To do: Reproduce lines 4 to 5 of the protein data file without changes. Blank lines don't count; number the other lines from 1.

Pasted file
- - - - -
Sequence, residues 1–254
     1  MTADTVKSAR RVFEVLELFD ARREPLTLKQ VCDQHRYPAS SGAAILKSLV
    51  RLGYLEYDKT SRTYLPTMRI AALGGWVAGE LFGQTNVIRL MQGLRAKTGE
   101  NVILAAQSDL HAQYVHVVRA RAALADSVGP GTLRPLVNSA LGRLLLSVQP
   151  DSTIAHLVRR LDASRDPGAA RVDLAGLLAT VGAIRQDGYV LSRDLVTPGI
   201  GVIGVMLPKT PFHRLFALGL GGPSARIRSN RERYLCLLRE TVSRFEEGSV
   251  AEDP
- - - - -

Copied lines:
   101  NVILAAQSDL HAQYVHVVRA RAALADSVGP GTLRPLVNSA LGRLLLSVQP
   151  DSTIAHLVRR LDASRDPGAA RVDLAGLLAT VGAIRQDGYV LSRDLVTPGI